Cultivate Community Food Cooperative (CCFC) sponsored 2 movie nights. Food for Change (FFC) was first screened at The Hub in Vallejo in April and then again at the historic state capitol building in Benicia in June. At the June screening, we also had a panel of food co-op experts lead our evening and the audience got a better understanding of how food co-ops work and how CCFC will benefit our local communities.
FFC documents the history of food co-ops in America and the movie begins with the great depression when communities united and formed cooperatives to better take care of each other. The story continues through the war efforts of WWII and the time period following, when consumerism and convenience became an important part of society. As a result, grocery and department stores became popular during this period and cooperatives all but ceased to exist.
Cooperatives came back on the scene in the 60’s and 70’s during the civil rights movement and the hippie generation not only as a means to take care of each other and provide access to healthy foods for all, but also to build a resistance against large corporations. ‘Food for People Not for Profit’ was the principle that food co-ops were founded on at this time. In the 80’s & 90’s many established food co-ops closed their doors as large chain grocers moved into communities.
In the 2000’s more people were beginning to take notice! People noticed how these big stores affected their local economies; people noticed who controlled their food supply; and people noticed that most of the wealth in this country was coming from the top 1%.
As a result, food cooperatives are back on the rise. . . and in a big way!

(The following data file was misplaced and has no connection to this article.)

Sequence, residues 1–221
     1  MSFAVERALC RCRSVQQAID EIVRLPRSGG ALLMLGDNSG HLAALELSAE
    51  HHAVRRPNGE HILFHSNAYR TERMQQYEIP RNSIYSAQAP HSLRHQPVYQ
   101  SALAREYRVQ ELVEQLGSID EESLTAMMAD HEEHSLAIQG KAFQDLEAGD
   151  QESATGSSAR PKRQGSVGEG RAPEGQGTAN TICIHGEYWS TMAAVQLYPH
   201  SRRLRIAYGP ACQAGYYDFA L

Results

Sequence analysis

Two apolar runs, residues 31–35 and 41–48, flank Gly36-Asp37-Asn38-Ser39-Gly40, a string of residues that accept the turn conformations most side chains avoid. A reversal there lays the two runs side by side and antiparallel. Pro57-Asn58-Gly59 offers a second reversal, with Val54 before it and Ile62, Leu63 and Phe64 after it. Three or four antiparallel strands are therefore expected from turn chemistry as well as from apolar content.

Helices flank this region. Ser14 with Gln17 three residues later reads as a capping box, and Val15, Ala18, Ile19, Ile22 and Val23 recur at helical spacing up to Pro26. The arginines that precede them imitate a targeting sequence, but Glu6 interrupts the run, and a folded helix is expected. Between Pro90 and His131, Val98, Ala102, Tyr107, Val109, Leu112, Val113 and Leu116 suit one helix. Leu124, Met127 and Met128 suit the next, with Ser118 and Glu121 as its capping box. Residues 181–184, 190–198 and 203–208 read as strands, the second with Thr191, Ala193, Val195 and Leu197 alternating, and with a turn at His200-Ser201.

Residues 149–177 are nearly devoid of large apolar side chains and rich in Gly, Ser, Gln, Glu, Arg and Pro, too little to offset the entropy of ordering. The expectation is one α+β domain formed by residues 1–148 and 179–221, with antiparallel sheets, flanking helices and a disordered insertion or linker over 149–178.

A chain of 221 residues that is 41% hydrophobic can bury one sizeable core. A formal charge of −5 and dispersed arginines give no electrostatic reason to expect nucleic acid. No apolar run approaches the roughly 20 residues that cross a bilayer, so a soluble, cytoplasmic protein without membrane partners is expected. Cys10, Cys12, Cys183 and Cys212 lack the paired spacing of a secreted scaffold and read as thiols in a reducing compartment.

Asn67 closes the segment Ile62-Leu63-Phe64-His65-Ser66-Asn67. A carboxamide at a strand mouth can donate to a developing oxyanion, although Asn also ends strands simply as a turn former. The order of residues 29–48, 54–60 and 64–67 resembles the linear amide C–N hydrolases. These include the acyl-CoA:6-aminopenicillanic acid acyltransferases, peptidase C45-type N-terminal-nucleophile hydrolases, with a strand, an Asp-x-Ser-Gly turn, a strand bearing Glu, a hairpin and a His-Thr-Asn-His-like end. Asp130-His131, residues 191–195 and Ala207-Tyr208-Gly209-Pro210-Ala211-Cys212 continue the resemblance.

There is a quiet revolution rising in communities across the nation. But don’t take our word for it. In addition to reading the article under “Co-op Education,” by renowned food journalist, Jon Steinman, please check out the Food Co-op Initiative’s website and Facebook page. They are the resource for community organizers who want to create a food co-op in their own area. For free, they help cultivate the seed (idea) to harvest (opening day) for up & coming food co-ops across the nation. At Cultivate Community Food Cooperative, Inc. we connected with this amazing team when we started cultivating our soil.
At our movie nights, local vendors supported our fundraising efforts by showcasing their products in our raffle. We are so grateful for their support and we would like to once again thank them. In addition, Dianna’s Bakery and Cafe Deli donated 10% of their sales from the movie night to CCFC!
- Whipt Cookies
- Fairyella Ice Pops
- Fox & Fawn Bakehouse
- Howling Hounds Coffee
- The Salsa Chick
- Vino Godfather
- First Impressions Hair Salon
- Benicia Jazzercise